The Miahelo, a Coast Guard patrol boat, was about 1,500 feet from the pier. The force of the explosion wrecked the wheelhouse, nearly capsized the boat, badly wounded the man at the wheel, and was followed by a 30 foot wall of water. A 16 inch shell, which did not explode, hit the engine room of a small tanker, the SS Redline which was passing nearby.

The 1,200 foot long wooden pier, the locomotive and boxcars, the SS E.A. Bryan, and 320 people including 202 black enlisted men on the pier were gone. All 67 crew and 30 Armed Guard aboard the two ships died instantly.  390 military and civilians were injured, which included men in the barracks and townspeople, 233 of which were black enlisted men.

There were no identifiable pieces of the SS E.A. Bryan remaining. Over 12,000 tons of ship and ammunition were gone!  Disappeared!  The stern of the SS Quinault Victory lay upside down in the water 500 feet from its origin. The rest of the ship which had been lifted clear out of the water and turned around, was in scattered pieces.

Since this was war time, little information was made available to the public. Due to the size and impact of the fireball explosion and the widespread extent of the damage, there was immediate speculation, fear and rumor that this was the first accidental explosion of an atomic bomb. However, the evidence obtained onsite immediately thereafter including the absence of nuclear radiation proved otherwise and clearly showed it was the explosion of the conventional ammunition and ordinance at the site. Although the fact of the detonation of an atomic bomb was dispelled in the days immediately thereafter, the rumor persists to this day. 


For more information on the Port Chicago disaster, please visit the following web sites:

 


     

    The California Workforce Investment Board

    The federal Workforce Investment Act of 1998

    The sponsor of the One Voice-Healing Pole is the Monterey County Youth Workforce Investment Board which is one of many similar boards in operation in counties throughout the U.S. The local workforce boards are the outcome of an Act of congress, the federal Workforce Investment Act of 1998.  Through this act, federal moneys are provided to the individual states to administer local workforce development programs in counties throughout each state through a Workforce Investment Board (WIB) appointed by the governor of each state.

    The purpose is to provide workforce investment activities, through statewide and local workforce investment systems, that increase the employment, retention, and earnings of participants, and increase occupational skill attainment by participants, and, as a result, improve the quality of the workforce, reduce welfare dependency, and enhance the productivity and competitiveness of the Nation.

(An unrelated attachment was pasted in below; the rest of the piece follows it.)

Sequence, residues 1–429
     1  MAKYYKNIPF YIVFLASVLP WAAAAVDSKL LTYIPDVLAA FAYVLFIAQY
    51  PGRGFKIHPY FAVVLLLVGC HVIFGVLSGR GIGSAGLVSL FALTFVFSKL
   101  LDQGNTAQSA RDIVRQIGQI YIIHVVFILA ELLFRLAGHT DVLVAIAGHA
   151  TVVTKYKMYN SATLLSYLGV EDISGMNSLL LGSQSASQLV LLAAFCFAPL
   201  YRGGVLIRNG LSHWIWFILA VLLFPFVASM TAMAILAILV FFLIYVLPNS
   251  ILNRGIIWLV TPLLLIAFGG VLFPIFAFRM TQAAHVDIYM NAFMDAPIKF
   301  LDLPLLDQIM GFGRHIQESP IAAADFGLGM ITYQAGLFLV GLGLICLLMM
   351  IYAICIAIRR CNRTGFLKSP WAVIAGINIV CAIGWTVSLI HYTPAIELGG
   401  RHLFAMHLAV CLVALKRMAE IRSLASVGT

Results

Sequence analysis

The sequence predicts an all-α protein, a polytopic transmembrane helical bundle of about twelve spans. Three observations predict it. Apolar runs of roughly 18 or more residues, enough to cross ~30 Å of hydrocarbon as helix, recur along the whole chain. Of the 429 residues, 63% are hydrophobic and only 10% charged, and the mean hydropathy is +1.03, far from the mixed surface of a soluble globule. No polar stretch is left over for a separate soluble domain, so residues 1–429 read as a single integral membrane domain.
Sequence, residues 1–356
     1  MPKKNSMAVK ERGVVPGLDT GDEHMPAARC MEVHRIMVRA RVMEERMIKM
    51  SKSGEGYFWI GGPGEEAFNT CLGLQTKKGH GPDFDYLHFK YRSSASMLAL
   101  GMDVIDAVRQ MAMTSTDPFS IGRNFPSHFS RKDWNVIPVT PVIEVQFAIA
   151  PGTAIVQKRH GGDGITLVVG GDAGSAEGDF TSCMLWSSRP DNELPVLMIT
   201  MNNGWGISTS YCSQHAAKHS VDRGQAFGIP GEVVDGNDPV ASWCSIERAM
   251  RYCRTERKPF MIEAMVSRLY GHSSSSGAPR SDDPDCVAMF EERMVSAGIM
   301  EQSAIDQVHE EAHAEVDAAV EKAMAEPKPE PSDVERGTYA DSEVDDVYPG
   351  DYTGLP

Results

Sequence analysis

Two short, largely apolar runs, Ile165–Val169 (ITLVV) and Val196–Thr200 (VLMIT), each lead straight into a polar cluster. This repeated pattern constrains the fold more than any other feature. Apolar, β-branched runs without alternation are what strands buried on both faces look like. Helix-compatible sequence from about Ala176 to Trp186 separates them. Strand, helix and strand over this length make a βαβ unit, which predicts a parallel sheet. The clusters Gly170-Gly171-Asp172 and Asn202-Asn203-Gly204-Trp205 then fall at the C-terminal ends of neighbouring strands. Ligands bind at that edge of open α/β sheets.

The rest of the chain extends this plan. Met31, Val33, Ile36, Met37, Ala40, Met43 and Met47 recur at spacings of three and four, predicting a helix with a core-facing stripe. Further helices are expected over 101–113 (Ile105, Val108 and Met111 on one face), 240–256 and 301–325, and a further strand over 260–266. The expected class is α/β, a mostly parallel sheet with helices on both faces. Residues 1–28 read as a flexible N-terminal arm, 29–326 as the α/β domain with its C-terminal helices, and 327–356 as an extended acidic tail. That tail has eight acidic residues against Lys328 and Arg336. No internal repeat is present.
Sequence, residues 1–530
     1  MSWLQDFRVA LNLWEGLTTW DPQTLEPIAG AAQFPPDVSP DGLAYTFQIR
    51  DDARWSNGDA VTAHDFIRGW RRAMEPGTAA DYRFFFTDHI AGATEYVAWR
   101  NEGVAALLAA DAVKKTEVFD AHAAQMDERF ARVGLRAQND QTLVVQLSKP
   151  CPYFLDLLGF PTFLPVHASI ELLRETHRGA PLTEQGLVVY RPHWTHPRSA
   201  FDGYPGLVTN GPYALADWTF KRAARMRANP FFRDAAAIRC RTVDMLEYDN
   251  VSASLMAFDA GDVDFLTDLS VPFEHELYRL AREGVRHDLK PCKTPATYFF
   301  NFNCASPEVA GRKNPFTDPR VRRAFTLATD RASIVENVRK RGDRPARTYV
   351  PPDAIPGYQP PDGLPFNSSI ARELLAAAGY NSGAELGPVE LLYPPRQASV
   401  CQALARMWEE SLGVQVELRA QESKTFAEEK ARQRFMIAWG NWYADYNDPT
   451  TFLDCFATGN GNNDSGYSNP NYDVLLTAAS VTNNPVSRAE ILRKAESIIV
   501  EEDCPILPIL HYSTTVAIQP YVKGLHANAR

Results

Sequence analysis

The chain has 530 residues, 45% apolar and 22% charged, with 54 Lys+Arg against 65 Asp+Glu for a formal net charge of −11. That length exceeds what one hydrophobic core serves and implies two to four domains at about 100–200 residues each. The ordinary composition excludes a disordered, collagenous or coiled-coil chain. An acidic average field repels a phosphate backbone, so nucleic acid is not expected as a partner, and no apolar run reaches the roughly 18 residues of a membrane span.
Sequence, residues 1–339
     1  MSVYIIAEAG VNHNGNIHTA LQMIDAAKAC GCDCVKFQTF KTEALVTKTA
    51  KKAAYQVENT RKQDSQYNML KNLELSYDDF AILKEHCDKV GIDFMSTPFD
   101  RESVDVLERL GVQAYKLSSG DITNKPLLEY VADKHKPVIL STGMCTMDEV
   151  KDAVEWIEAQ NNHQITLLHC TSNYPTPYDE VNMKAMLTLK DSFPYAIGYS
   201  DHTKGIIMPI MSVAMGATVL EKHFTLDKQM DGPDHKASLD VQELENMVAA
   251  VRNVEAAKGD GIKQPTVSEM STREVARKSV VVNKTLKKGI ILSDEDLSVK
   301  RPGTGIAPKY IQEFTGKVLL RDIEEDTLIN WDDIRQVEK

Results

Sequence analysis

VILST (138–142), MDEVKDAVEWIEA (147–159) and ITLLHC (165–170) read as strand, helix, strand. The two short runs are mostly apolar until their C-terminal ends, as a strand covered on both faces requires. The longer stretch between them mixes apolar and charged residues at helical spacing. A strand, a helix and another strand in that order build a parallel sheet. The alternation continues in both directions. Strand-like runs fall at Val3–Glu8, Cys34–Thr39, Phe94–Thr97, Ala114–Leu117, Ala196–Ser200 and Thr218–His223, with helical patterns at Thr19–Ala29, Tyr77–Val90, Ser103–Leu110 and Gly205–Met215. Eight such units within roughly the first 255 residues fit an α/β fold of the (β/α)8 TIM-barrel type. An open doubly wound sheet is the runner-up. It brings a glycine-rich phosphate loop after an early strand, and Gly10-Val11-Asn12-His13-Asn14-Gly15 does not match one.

The State Board includes: 

    (A) the Governor; 

    (B) members of each chamber of the State legislature, appointed by the appropriate presiding officers of each such chamber; 

    (C) representatives appointed by the Governor, who are representatives of business in the State, who-- 

        (I) are owners of businesses, chief executives or operating officers of businesses, and other business executives or employers with optimum policymaking or hiring authority.

        (II) represent businesses with employment opportunities that reflect the employment opportunities of the State; 

       (III) are appointed from among individuals nominated by State business organizations and business trade associations including; 

The Workforce Investment Board brings together the business and education communities, local government, and residents to:

  • Identify emerging local and regional workforce issues and create practical solutions.
  • Keep current on the pulse of changes in local occupations.
     

  • Set policy for Workforce Investment Act services provided through Career Centers special One-Stop programs.
     
  • Provide resources to implement new employment services envisioned in the federal Workforce Investment Act including training and deploying high-tech workers, retraining employees who have been laid off, and ensuring that youth have the skills they need as they enter the labor market.

    To learn more about the federal Workforce Investment Act, visit the  Workforce Investment Act of 1998 web site.



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    Future Kohola Sculpture Projects

    Three new sculpture projects are in the  active planning stages:

     


    Interfaith Healing Pole

    at the Interfaith Center at the Presidio

     

     

    One of the original ten Kohola Port Chicago logs has been reserved for carving by a yet to be assembled Interfaith design and carving team.  It will contain appropriate symbols of the faith traditions of the world. Plans call for it to be raised vertically on the ICP grounds in the San Francisco Presidio where it can be viewed and appreciated by all who visit the ICP. 

    It will be dedicated in part to the memory of Mary Ellen Gaylord who was so instrumental in supporting the growth and success of the ICP over the start up years. Her memory and spirit will live on with us through this beautiful tribute to her and to all of those who have worked together over the years towards the success of the Interfaith Center at the Presidio and the growing interfaith movement throughout the world which seeks to expand mutual respect and enlightenment between the world's main faith traditions.